My track record for fairly extreme frugality in spending is solid and of long-standing. So, there is little further to be gained by improved functioning in that realm. In fact, I would say at this point, overcoming issues related to physical cowardice which might be entirely rational would be the only way to further reduce my bottom dollar. For instance, I did attempt to live alone in a decrepit camper in a crime-ridden neighborhood in order to further reduce my shelter expenses, but that might not have been entirely wise.
OTOH, my track record for earning money is weak and of long-standing. I think my highest yearly earnings might have been around $29,000, and that tide mark occurred when I still had two dependent children, for whom I was responsible for providing 1/2 support either practically or financially, so did not result in much savings, especially given that I allowed my income to lag in subsequent years, pretty much in lock-step with my spending. IOW, for as long as I have been largely functionally financially independent (approximately age 19, although my father did contribute some support intermittently during my college years, when my bi-polar shopaholic mother wasn't bankrupting him), it has been my habit to exhibit the opposite behavior of the conventional consumer who raises spending to match income. I almost always lower income to match spending. For instance, when I was 21 year old college student, I saved enough money from my part-time job to pay room/board in the co-op where I lived for 3 months, so I took a term off of school, quit my job, and just lounged around doing what I wanted until I ran out of money.
I can't for the life of me remember what book(s) I might have read on the topic of frugality/PF priorto reading "Your Money or Your Life" and "The Tightwad Gazette" in the early 1990s. I did read quite a few back-to-the-woods theme books and magazines throughout my childhood and youth. My father had a masters in tax law, and both his father and his grandfather were in similar fields. So, lacking a son, he gave me government pamphlets on financial topics to read when I was maybe 12, explained the concept of compound interest, and he told me that people who were really rich invested their capital and did not waste money on fancy cars and furniture (like my mother always wanted to do!!!)
Anyways, I think maybe my problem is that since my father wasn't able to figure out how to effectively boundary my mother's bi-polar shopaholic rager(think of somebody who is kind of like a cross between Elizabeth Taylor and Donald Trump) behavior in order to protect his own capital, the semi-functional strategy I subconscious chose to adopt was to continuously cash-out the difference between my earning potential/spending, and thereby thwart the ability of anybody willing to ride rough-shod over rule-of-law or reason, from raiding my stash.
This dysfunction is further complicated by the fact that I am inherently somewhere midway in temperament between my father and mother. Nobody wants me to be their tax attorney, and the feeling is mutual. I did manage to get a B.S. in mathematics with a focus on Actuarial Science and pass the first two exams, but I felt like a tomb door was going to close down on me when I interviewed for jobs with insurance companies. I have enjoyed myself in a number of undertakings, but the best time I ever had making money was when I first started my internet rare book dealing business on the upswing of the technology/industry. There was a little bit of drudgery with data entry and hauling boxes full of books around, but mostly I felt like I was having great fun doing something I was meant to do.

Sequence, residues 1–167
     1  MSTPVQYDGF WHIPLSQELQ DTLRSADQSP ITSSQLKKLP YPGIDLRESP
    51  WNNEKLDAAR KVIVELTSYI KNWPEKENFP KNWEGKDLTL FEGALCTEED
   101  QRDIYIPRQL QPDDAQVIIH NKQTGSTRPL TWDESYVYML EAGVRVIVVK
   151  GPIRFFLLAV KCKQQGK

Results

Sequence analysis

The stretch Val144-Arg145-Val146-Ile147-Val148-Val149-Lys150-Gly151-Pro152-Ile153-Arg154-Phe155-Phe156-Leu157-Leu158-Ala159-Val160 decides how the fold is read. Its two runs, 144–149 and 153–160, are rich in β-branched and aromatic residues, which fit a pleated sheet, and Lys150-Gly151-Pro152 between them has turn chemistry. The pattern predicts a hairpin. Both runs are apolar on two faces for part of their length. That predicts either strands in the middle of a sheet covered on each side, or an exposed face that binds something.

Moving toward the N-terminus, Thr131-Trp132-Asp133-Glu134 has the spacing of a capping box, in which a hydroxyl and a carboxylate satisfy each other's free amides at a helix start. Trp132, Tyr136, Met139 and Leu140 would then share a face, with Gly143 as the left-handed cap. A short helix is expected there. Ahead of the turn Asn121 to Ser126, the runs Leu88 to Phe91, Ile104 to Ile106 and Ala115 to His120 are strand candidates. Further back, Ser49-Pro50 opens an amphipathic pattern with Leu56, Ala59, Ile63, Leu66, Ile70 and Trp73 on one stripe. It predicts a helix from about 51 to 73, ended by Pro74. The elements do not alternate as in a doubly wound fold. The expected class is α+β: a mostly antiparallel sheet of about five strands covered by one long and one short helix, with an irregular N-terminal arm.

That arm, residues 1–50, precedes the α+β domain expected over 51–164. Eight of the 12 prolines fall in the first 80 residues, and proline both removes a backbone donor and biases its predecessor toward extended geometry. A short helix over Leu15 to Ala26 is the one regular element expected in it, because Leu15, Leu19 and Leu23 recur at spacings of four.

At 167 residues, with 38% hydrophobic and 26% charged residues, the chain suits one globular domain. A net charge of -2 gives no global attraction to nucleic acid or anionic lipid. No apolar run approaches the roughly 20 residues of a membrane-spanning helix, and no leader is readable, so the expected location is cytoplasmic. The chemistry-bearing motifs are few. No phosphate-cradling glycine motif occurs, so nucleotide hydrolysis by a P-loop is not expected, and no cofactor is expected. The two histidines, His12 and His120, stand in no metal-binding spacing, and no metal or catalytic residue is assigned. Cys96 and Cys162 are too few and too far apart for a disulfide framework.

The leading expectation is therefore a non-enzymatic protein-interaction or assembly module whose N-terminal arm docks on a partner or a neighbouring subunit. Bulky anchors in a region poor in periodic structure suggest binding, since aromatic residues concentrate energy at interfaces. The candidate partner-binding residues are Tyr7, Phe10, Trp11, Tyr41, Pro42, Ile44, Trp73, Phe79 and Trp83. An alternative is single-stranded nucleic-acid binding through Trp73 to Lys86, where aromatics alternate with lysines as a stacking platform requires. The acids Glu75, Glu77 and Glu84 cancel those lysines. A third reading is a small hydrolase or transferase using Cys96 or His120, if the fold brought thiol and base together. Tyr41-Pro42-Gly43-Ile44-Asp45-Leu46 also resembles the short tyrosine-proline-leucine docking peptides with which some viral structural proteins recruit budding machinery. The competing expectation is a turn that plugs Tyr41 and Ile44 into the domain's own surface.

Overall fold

When the internet market for used books commenced to twilight, I extended the curve for a while by venturing into retail arbitrage, moving mostly home-goods and toys from retail clearance racks to the internet. The next obvious move, which many of my competitors made, would have been to start sourcing new inventory from wholesalers. I didn't choose to do this, in part, because I didn't want to be directly just-in-time responsible for the production and marketing of a bunch of "stuff." However, I didn't doubt my ability to succeed at making money if I did.
So, my fear of "raiders" which inhibits me from wanting to accumulate an obvious-target size stash, is compounded by my distaste for contributing to waste of resources in production in the realm of earnings. So, when I get to Step 7 : Valuing Your Life Energy- Maximizing Earnings in YMOYL:
I have difficulty in figuring out where to draw my line consistent with integrity. Actually, health comes into play too, because at the moment I am earning money at a rather low pay rate in a manner that is very consistent with my integrity (makes the world a better place), only partially consistent with fun/flow (would do it even if not paid because enjoyable), but seemingly inconsistent with health because I keep catching terrible viruses from the grubby urchins I teach.Step 7 is about increasing your income by valuing the life energy you invest in your job and exchanging it for the highest pay consistent with your health and integrity.
Anyways, what I would like to do would be to start another business that would be as well in alignment with my overall druthers/integrity/health as independent used/rare book scouting/dealing, but due to the difficulty of that task, I am hoping to give myself permission to engage in something similar, more profitable, but not as likely to be in alignment with "making the world a better place." , and in conjunction work through my fears about accumulating target-sized savings as they come up.
I think my first step will be to reflect on how I am being much harder on myself than I am on other people. A similar line of thought helped me get over my fear of driving. I told myself that I had just as much right to operate an extremely dangerous piece of machinery as any other idiot on the highway.